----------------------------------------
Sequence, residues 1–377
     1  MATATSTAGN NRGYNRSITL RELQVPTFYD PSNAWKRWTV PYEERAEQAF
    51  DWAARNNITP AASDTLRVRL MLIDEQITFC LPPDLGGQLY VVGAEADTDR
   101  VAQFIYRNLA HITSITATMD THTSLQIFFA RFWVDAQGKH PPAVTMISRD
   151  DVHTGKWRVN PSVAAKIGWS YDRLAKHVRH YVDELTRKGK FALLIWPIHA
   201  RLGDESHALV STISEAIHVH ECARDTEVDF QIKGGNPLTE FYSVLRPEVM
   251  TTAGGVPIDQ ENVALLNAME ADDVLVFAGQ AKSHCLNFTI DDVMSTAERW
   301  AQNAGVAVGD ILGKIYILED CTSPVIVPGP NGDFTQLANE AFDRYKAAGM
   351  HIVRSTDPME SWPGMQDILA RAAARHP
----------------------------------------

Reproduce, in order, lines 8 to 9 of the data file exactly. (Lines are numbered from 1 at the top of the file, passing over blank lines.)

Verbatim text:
   301  AQNAGVAVGD ILGKIYILED CTSPVIVPGP NGDFTQLANE AFDRYKAAGM
   351  HIVRSTDPME SWPGMQDILA RAAARHP